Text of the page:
Stephen Green the chairman of HSBC, the world’s second biggest bank, has given an interview about the credit crunch on the BBC website, see: http://news.bbc.co.uk/1/hi/business/7613509.stm
About banker’s pay levels he says:
‘there has been far too much focus on payments that are very short term focused, people who pick up the tab for short term profits, without having to bear the costs of long term impairments.’
James Robertson** who works tirelessly to promote alternative economics puts his finger on the core of the problem, he says:
HSBC chairman Stephen Green's acceptance of the need to reform bankers' pay is welcome. But it won't touch the root of the problem - which is that, by their profit-making loans to customers, the banks now create almost all the money supply.
A monetary reform is needed. It would transfer responsibility for creating money to the central bank as an agency of the state. Creating a stable public money supply conflicts with competitive borrowing and lending. Neither function can be efficient unless they are separated.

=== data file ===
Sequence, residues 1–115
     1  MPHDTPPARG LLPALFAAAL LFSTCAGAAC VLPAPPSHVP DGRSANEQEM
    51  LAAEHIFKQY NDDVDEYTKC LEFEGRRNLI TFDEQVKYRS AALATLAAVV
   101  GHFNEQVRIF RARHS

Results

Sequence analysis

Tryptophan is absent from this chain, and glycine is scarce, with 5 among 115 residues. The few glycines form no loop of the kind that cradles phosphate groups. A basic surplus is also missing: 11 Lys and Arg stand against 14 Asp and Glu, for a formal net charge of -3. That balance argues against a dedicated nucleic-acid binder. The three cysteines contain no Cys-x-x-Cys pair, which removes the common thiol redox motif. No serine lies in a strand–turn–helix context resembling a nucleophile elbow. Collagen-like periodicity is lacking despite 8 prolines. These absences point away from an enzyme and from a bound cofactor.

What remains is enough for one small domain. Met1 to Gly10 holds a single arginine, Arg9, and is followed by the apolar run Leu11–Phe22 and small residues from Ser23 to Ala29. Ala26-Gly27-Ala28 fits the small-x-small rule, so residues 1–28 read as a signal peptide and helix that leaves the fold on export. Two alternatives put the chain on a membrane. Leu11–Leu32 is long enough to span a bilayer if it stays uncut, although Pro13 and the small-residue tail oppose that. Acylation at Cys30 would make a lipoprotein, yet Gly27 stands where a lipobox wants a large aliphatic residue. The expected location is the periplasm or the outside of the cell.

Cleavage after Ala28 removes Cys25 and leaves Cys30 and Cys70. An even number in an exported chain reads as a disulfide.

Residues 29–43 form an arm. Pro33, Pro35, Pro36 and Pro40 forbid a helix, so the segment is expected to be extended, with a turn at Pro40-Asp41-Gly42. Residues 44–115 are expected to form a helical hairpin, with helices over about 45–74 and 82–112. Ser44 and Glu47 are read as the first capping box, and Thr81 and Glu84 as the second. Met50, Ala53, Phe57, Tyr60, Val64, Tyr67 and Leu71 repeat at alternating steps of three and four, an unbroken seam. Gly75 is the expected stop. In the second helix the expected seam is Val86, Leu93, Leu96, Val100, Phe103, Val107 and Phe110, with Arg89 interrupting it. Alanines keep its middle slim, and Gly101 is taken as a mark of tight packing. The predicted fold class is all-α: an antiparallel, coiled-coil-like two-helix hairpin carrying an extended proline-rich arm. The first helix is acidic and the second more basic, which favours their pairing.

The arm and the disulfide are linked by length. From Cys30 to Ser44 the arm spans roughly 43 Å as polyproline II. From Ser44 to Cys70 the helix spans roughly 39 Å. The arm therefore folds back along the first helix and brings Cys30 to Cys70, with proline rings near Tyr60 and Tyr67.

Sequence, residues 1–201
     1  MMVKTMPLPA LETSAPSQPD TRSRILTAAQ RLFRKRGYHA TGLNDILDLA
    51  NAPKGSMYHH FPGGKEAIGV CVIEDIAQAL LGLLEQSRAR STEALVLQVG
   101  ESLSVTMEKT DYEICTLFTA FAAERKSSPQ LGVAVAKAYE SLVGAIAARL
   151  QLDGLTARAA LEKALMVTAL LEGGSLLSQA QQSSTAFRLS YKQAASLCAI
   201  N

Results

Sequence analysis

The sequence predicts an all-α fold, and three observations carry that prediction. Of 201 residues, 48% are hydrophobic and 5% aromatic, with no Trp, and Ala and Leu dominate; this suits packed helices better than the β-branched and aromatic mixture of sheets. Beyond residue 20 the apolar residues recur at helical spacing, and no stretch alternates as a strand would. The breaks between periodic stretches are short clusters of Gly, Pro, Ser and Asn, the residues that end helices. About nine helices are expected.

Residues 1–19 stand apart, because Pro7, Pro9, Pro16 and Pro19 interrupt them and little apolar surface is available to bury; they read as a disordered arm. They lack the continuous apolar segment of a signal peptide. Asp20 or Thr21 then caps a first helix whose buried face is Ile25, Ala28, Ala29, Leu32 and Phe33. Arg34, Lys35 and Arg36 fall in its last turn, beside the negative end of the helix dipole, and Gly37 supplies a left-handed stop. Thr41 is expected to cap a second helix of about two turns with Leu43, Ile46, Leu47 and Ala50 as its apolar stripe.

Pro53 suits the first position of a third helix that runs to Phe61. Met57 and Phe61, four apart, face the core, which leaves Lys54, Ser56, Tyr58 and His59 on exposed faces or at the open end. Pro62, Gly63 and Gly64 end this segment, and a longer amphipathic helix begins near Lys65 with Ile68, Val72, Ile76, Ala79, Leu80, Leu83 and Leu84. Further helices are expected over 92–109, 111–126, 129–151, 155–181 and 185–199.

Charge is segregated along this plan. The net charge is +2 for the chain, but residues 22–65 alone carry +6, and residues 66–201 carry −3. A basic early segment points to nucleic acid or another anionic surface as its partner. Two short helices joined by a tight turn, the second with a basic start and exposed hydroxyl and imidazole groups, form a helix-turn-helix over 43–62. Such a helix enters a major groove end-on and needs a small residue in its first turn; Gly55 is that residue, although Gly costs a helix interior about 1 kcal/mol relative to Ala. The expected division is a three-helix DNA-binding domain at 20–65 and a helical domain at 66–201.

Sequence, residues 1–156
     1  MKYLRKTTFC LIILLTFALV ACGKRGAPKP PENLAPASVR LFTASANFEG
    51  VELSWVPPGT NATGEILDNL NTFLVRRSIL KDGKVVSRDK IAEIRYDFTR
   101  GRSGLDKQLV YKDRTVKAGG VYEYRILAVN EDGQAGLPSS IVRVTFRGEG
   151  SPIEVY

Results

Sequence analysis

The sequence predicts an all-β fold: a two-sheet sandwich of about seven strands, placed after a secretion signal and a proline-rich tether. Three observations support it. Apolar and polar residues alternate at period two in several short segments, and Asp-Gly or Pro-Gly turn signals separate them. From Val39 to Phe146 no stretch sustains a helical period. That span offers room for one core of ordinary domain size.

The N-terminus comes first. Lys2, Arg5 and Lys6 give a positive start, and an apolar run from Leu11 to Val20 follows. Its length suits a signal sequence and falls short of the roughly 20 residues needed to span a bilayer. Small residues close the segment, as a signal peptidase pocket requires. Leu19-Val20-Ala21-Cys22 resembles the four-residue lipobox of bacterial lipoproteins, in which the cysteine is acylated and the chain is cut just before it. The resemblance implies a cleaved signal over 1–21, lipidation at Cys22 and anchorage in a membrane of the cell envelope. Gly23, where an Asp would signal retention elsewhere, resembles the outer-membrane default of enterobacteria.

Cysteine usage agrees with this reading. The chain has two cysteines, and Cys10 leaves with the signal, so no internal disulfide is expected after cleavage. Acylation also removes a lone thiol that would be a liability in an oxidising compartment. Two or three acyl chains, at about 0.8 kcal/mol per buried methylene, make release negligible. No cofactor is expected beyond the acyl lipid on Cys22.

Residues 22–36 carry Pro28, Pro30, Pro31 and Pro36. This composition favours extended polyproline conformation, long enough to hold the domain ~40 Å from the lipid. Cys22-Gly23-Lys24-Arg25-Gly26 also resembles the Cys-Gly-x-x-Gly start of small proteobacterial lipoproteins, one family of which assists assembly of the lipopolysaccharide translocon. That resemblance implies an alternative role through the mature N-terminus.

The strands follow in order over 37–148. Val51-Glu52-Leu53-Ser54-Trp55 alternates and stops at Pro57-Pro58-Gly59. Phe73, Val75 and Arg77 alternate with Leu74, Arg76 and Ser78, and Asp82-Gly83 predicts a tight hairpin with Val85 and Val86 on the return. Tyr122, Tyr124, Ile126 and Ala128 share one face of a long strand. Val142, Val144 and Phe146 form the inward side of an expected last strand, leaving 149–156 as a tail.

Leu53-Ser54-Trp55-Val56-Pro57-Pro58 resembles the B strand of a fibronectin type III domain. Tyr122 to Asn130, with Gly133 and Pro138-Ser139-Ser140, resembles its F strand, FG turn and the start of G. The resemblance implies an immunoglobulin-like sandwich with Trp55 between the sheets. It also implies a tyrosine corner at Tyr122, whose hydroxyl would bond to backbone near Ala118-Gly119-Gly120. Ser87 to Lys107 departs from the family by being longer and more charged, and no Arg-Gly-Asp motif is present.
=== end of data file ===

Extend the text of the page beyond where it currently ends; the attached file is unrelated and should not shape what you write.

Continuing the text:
The present credit crunch, the latest in the recurring series of credit booms and busts, is the inevitable result of confusing them. Chuck Prince of Citibank explained why it's inevitable from the banker's point of view: "So long as the music is playing, you’ve got to get up and dance".
**James Robertson was said by Mikhail Gorbechev in 2003 to be “An outstanding example of a modern thinker at the service of society’. For more on his ideas for monetary reform see http://www.jamesrobertson.com/books.htm
At every level of public and business life, people are encouraged to asses the risks that might flow from their actions, or lack of them. The way we allow banking to work, escapes this scrutiny and so it is that millions of ordinary people suffer badly from the financial crashes that regularly ensue.
Read The Free Lunch –Fairness with Freedom for more on such problems and how we might move to a fairer society for all.